Release Date: 8-10-2012

Run Time: 135 min.

Cast:  Jeremy Renner, Rachel Weisz, Scott Glenn, Stacy Keach, Edward Norton

Director: Tony Gilroy

Rating: PG-13

Let me start off this review by stating that I am a huge fan of the original Bourne Trilogy.  The combination of Doug Liman, Paul Greengrass and Matt Damon was lethal with the launch of the initial episode.  I found myself going out of my way to go and see all of the original trilogy the weekend that they opened and I have to say that I really enjoyed all three of them even though as we progressed through the three we lost Mr. Liman and Greengrass as we progress the previous three movies.  We now find ourselves missing all of the above stated individuals and having to jump into a semi reboot of a series.

Just as the first one began and the most recent one ended we start Legacy with a figure floating in the water.  As this figure breaks the surface we are introduced to Aaron Cross (JeremyRenner) as he makes his way across the Alaskan wilderness where in which is it nearly 20 minutes before we even hear him speak a word.  During this same time we find ourselves being reintroduced to the events of the last 45 minutes of the previous Bourne film which assist in laying the ground work for the events of this movie.

Essentially, with Jason Bourne exposing the Treadstone Project the puppet masters behind all of these elite killer programs that the US government is running need to be shut down immediately due to the blow back of the exposure of Treadstone.  This responsibility is in the hands of Edward Norton’s (Eric Byer) and those in the CIA and other black ops programs in the US government.  Byer makes the decision that the only way to save his own Outcome Program is to burn all of the other programs to the ground.   Where in which our story begins.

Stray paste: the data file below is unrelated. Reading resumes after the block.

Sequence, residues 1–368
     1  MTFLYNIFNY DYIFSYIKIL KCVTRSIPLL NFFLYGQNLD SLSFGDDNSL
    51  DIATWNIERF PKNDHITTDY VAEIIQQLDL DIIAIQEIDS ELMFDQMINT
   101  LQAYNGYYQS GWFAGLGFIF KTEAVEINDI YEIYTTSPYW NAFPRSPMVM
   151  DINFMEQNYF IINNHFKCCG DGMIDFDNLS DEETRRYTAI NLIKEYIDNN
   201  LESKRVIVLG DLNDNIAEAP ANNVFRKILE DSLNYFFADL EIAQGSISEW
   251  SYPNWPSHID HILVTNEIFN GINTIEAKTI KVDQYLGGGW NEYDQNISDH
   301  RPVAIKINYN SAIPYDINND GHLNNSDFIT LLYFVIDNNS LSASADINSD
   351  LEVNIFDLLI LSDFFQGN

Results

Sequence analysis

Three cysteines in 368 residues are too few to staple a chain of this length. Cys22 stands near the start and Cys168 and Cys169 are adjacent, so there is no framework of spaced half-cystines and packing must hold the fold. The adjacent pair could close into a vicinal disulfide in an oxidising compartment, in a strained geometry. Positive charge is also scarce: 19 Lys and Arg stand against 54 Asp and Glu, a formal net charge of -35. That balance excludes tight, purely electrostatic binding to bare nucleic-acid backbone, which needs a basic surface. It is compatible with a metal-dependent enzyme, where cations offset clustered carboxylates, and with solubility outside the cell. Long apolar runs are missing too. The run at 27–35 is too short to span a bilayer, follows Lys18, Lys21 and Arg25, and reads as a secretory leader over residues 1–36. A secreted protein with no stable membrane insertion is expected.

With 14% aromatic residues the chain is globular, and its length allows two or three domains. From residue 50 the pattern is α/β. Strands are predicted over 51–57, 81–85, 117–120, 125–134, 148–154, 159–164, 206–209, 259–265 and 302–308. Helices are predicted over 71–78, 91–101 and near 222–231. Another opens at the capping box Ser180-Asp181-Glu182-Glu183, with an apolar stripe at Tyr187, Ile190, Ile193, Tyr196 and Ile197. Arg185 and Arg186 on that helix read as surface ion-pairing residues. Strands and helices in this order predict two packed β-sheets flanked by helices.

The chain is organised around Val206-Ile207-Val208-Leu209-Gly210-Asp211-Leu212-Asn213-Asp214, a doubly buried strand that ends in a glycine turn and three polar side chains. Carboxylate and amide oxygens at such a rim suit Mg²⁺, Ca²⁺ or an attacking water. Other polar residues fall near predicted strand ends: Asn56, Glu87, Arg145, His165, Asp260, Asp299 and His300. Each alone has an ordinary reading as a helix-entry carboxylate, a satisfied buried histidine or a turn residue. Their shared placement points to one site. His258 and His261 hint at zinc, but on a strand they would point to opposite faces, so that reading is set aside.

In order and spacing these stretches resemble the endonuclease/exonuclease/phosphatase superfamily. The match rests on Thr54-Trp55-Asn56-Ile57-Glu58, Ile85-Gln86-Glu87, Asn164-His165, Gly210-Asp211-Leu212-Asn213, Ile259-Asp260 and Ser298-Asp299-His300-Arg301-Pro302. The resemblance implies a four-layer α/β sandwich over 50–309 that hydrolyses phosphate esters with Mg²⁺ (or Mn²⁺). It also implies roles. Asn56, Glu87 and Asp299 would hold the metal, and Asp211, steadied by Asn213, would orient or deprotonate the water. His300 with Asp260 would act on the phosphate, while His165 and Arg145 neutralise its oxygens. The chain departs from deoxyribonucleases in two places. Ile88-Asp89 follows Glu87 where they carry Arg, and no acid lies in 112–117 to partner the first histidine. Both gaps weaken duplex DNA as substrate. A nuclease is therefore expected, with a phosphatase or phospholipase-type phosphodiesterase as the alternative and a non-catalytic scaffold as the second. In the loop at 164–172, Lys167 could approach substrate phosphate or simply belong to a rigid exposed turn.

As Byer fails at taking our Cross in the Alaskan wilderness we are set on a adventure very similar and structured identically along the lines of the previous three movies.  We have the standard three different settings (Alaska, Washington D.C. and Manila) we also are guest to one massive action sequence (two or three less than its predecessors) and three strong characters in Renner, Weisz and Norton.

The story differs from  the previous three as Damon’s Bourne is trying to figure out his true identity and get revenge against the Treadstone program while Renner is on a global adventure to get his one last fix.  As we find out that this generation of super killers that Renner comes from are dependent upon taking a blue and green pill everyday to not only stay super human but to simply stay alive.  It is this drug treatment that introduces us to Rachel Weisz’s character of Marta Shearing.  Shearing is a geneticist who works for the corporation that has been contracted by the government to manipulate the DNA of these individuals and make them part of the Outcome Program.  The problem is that when Jason Bourne (Matt Damon) exposes Treadstone and Blackbriar the government tries to kill the scientists to.  Through flashbacks we discover that Marta and Aaron previously meet during one of his many “check in” with the Outcome Project and she is lucky enough to have Aaron come to her rescue at the last minute.  These events lead us on a journey to Manila so that Aaron Cross can free himself of the binds of the chemical dependency of the blue and green pill.  All of this comes together in a large scale action scene on motorcycles in the streets of Manila that unlike the first two Bourne movies lacks the slick camera cuts and white knuckle journeys we have comes to expect from the Bourne movies.

Simply put, is Bourne Legacy a decent movie worth your 2 hours of your summer?  Yes it is.  The problem with the movie comes from its overall pace.   It spends too much time trying to create a crossover from the previous movie while trying to introduce us to a new protagonist.  The overall flow of the movie made me feel like I was in the car with a 15 year old kid whom just received their learners permit and is trying to learn to drive stick.  The excessive starting and stopping and jumping back and for begins to wear on you over time.


Overall Grade – B